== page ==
When they graduated from college, Alexandra Fiber and Danielle Gibson landed where many artistically inclined millennials do. “I was waking up every day at noon with nothing to do except babysitting,” remembers Gibson. Their transition from NYU Tisch to actually living in NYC was fraught with existential angst and inertia. “You go from being in school and being creative all day to doing nothing.” Fiber says it felt like their film acting education was going to waste. “We trained, we went to school—we had done everything right.”
“SRSLY,” a series of fabulous and hysterical Web shorts, is the result of Fiber and Gibson taking matters into their own hands. “It was really important to us to make something funny and fresh and female-focused, but something that looked and sounded really good too. We knew that that was going to be a sticking point of whether people would keep watching our videos,” says Fiber, adding, “We have a pretty low tolerance for Web video with poor audio quality.”
Drawing from their training and other NYU filmmaking friends, the two became producers, writers, and stars of a catchy brand name that as of 2011 has grown in several unexpected directions; Fiber and Gibson have partnered with Birchbox, bareMinerals, Refinery29, and Glamour.com to create original online content. “We don’t get into branded partnerships where it feels like we’re just writing commercials,” says Fiber. “The brands we’ve supported are brands we use anyway.” Their résumés include four scripted videos and 12 original Vines for Ann Taylor LOFT’s 2014 holiday campaign, as well as a current collaboration with Racked.com, where they play slightly heightened versions of themselves—“obnoxious, in a fun way,” explains Fiber.
Whether it’s brand partnerships or original shorts, the BFFs draw from their own lives and tastes for inspiration. “SRSLY” videos range from the cringeworthy (“Best Friends”) to the joyous (“Dance”) to spot-on parody (“#Snack”), and in each, Fiber says, they dial their personalities up to 11. “We try to find these little moments both of us can relate to. That’s our measuring stick: Has it happened to both of us, is it funny, can we visualize it and see it come to life?” Their strategy is working; in addition to profitable collaborations with brands they enjoy, Fiber and Gibson were recognized at last year’s Webby Awards as the only self-financed and self-produced honorees in the comedy category.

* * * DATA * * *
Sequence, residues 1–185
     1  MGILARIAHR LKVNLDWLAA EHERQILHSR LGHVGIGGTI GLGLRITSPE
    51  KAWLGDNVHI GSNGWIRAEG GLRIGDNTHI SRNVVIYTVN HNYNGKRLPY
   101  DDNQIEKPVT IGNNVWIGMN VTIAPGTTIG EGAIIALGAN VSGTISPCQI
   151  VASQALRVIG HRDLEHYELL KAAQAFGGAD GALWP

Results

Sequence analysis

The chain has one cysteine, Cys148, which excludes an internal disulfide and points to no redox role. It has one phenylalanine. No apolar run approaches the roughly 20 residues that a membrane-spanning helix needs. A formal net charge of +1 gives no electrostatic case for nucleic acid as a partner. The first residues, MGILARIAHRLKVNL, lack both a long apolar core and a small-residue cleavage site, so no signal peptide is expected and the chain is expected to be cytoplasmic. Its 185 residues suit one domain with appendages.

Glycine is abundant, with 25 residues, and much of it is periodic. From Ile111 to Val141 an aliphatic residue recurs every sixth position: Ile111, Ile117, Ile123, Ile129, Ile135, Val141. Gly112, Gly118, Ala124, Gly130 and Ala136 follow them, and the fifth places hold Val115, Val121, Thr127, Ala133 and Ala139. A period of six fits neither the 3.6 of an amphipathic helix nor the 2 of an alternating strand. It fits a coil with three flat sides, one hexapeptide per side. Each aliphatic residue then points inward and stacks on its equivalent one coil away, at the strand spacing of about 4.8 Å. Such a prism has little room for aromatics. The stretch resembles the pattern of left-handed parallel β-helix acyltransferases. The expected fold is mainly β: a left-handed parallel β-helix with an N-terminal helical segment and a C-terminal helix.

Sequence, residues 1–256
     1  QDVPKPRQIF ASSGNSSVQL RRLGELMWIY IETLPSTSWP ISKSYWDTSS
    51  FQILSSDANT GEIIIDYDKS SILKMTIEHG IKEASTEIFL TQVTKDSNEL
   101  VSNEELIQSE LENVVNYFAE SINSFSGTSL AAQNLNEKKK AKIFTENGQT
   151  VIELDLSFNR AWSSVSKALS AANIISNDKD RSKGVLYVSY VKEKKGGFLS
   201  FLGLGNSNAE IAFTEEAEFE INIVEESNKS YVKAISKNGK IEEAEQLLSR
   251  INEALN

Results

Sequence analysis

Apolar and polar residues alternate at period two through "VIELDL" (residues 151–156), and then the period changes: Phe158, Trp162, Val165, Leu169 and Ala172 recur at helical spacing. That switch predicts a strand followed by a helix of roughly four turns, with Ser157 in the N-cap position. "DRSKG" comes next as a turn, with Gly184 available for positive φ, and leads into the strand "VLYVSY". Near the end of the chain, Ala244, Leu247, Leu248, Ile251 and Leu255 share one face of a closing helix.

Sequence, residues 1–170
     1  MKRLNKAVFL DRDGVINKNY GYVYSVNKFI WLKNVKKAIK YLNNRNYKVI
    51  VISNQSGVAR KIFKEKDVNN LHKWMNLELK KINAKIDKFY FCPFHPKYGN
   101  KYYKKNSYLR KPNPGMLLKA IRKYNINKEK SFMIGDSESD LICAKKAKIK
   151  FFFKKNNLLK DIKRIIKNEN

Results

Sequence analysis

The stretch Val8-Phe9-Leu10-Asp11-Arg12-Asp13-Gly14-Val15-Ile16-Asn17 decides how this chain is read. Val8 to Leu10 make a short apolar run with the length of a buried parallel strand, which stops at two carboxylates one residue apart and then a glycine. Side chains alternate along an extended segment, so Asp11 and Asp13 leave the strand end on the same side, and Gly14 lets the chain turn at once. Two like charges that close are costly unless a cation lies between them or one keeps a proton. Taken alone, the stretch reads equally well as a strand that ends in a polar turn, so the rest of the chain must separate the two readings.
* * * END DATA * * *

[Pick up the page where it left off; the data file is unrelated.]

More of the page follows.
What advice do the co-creators have for floundering postgrads with a lot of creative energy? Strike while the iron is hot. “If you’re young and just out of college you have to realize you’re the freshest, coolest thing out there right now,” says Gibson. “You get to go into meetings and everyone’s like, ‘Wow, you just graduated? You’re so young and hot and hip.’ So please exploit yourselves!” With enough passion and persistence, babysitting can be avoided altogether by creating your own work on the Web.
As Gibson says, “There’s no reason to not be doing it.” Seriously.
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